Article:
Nora looked down at her feet; she can’t see them past the folds of her post-pregnancy tummy. Her beautifully manicured toes are hidden from sight. Three babies and what is left of her svelte figure is a terrain of undulations, flaps and scars.
When Tom brushes against her accidentally, a thousand ants bite. She recoils into herself when he suggests intimacy. She’s happy with the odd night out but can’t wait to come home to her babies; there’s always the excuse that the babysitter is a high school student and has a curfew. The reality is that her post-natal body has become an excuse for going to bed with the kids.
Martin shuts his eyes as he comes inside her, his right hand cupping her left boob. The sensation is so intense that he collapses on top of her seconds later. Sharon is relieved that it’s all over. She pushes Martin off gently; he snorts in his post-coital slumber and mumbles something incoherent. Sharon gets up and takes a pee, her post-coital routine. She habitually tiptoes into the twins’ room to listen to their breathing as they sleep. A euphoric sense of satisfaction fills her to the core; there is peace in her world.
At high school biology, Mrs Carter said that pregnancy occurs when a sperm meets an egg; gestation takes 40 weeks; human mammals have one of the shortest gestation periods, and the most helpless offsprings at birth. An elephant’s gestation is 22 months and baby elephants are expected to stand upright almost immediately after birth.
When Sharon and Martin got married, she’d wanted children immediately. Who would’ve thought that it would take 6 miscarriages, 3 failed IVF attempts before Jenny and Heather finally arrived. Mrs Carter was wrong: pregnancy doesn’t come so easily; biology lessons don’t tell you the whole truth.
Nora breastfeeds Lilly as Sharon buys the coffee. The two women met at a ‘mother-and-me’ dance class a year ago. The twins are strapped into their double stroller waiting for their babycinos. Sharon is the more organised of the two. Fifteen years in corporate finance means schedules and datelines are met even on the home front. Sharon stopped breastfeeding when the twins turned 12 months exactly. She is also strict on the exercise: pilates on Mondays and Fridays. boxing on Tuesdays and Thursdays and Yoga on Wednesday mornings. When the twins were 6 months old, she decided to take another 6 months leave and subsequently decided not to go back to work at all. She figured that the corporate finance world didn’t need her and she didn’t need them either. Martin makes enough to support them all and with more embryos frozen at the IVF centre, they could even have a couple more children. Nora has always gone with the flow; Kylie, her oldest was unplanned which took her and Tom by surprise; she was on the Pill too. Nora had a good position in a marketing company and was looking forward to a promotion when the doctor told her that her food poisoning was really morning sickness. She remembers floating out of the GP’s office dazed but very excited. Julie came fourteen months later and finally Lilly when Kylie was five.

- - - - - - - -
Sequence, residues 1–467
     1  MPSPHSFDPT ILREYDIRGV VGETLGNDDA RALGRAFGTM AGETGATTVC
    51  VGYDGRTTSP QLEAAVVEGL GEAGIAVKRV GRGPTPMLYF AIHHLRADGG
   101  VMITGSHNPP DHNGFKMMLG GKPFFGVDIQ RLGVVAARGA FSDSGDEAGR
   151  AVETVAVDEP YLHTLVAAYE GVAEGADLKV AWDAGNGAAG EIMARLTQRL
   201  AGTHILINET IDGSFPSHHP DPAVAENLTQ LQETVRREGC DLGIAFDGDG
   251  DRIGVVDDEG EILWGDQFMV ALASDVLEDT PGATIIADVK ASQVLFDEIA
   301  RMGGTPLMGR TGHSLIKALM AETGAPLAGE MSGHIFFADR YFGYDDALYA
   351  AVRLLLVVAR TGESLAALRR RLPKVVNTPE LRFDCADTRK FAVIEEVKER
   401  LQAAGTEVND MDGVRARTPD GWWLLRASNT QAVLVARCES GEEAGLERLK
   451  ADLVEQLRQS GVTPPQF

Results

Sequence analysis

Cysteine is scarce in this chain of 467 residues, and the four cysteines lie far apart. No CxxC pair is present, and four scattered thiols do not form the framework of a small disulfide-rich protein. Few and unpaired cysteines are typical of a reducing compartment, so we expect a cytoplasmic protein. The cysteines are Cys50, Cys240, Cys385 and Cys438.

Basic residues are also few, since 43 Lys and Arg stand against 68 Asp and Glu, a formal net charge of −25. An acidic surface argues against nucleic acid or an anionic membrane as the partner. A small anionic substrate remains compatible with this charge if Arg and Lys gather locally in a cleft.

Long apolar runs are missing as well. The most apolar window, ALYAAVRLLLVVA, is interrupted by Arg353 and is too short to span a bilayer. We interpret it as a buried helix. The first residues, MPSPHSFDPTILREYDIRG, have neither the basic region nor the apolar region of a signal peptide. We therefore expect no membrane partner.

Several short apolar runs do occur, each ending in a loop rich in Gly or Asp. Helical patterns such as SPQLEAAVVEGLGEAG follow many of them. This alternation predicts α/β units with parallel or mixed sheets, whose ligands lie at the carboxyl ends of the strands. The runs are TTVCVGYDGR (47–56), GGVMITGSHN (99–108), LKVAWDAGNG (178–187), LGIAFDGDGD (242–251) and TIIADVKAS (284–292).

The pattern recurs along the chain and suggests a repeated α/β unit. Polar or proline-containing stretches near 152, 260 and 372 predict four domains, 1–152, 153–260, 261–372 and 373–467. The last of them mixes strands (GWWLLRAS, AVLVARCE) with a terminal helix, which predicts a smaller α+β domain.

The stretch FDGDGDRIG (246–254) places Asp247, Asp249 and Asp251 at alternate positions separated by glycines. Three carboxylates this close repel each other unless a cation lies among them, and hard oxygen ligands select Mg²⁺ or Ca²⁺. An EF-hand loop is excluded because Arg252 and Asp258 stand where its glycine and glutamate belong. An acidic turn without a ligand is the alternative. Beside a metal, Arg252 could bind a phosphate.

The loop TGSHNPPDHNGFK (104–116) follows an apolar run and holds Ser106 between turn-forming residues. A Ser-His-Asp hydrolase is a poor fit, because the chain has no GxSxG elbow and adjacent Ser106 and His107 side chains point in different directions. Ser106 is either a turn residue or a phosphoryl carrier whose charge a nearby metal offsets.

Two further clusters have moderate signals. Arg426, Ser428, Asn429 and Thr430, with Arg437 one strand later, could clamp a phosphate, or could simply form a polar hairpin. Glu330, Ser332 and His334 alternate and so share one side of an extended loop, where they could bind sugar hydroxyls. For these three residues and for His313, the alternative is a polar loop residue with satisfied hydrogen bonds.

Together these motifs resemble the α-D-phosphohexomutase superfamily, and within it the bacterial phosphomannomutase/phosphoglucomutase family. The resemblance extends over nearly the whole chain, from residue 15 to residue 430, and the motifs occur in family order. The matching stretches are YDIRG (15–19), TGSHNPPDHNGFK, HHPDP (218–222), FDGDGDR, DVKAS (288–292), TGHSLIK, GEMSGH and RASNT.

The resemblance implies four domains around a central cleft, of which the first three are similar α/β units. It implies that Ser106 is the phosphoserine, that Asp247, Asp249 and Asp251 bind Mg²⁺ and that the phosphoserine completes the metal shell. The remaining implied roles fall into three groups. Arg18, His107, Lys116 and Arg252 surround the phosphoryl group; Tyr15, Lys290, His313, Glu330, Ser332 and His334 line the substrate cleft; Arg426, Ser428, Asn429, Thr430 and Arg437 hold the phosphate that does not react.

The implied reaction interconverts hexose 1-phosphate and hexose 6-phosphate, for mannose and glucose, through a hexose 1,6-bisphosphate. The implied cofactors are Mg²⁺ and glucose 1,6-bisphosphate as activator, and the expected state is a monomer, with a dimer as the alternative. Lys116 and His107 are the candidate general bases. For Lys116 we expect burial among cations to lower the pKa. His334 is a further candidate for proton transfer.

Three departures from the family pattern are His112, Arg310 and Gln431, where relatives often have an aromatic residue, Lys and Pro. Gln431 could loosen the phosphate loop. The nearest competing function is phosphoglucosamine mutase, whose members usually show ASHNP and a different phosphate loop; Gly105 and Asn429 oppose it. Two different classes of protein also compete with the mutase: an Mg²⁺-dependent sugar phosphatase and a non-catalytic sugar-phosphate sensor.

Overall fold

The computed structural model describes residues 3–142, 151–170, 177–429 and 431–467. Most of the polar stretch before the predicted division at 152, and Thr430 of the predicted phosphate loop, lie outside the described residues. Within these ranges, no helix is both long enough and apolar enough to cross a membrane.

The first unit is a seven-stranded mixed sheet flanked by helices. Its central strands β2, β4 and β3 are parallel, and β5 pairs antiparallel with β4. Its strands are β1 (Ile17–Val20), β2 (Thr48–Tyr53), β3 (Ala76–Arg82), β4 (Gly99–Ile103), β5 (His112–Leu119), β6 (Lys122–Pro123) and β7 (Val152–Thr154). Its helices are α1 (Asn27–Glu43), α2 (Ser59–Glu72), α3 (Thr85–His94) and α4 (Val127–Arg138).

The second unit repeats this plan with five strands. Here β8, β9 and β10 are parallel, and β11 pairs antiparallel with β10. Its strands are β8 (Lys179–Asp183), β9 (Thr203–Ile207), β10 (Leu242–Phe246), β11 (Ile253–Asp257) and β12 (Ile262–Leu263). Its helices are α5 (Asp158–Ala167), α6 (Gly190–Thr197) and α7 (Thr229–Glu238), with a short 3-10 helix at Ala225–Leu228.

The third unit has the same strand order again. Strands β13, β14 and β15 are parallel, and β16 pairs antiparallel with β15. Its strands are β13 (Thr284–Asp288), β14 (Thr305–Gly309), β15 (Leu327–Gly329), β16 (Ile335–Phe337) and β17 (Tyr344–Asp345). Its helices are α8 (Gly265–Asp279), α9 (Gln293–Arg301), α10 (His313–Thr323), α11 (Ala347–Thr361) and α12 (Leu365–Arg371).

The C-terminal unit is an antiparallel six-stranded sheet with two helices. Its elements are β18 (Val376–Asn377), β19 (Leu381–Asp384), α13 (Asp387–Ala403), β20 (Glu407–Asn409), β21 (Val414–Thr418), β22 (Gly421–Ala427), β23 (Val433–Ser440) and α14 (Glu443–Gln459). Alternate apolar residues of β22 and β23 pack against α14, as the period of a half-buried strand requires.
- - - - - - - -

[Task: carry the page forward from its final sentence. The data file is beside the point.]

Sharon says that she has no body issues and that Nora should love her body for what it is. Easy for Sharon to say this, she’s as thin as a rake. Nora chuckles as she pondered on the phrase; for the first time, she finally understood this saying which she’d learnt as a child in ESL classes. Sharon really had the dimensions of a rake if Nora had to be honest. She shakes her head in mock disbelief as it dawned on her just how much a picture really speaks a thousand words. Yet, she knows that Sharon’s size didn’t come easily to her; years of dieting and obsessing about calorie intake and food consumption kept her the size of a gardening tool.
For Nora, obsessing about weight is a privilege that only other folks had. She lived with her parents in a one bedder above a takeaway in Chinatown when the family first arrived in Sydney; she was nine years old. There were no rakes in her cockroach infested room. Her parents had shared the apartment with Mrs Chen, also from Hong Kong. Mrs Chen, the landlady, would sometimes babysit her while Ma and Pa were at work; Mrs Chen had all her possessions under the sofa which doubled up as her bed. Ma was a cleaner by day and waitress by night and Pa washed dishes at a Chinese restaurant nearby. When there was food, everyone ate their fill. Nobody talked about big bottoms and flabby arms or six packs and toned biceps when she was a child.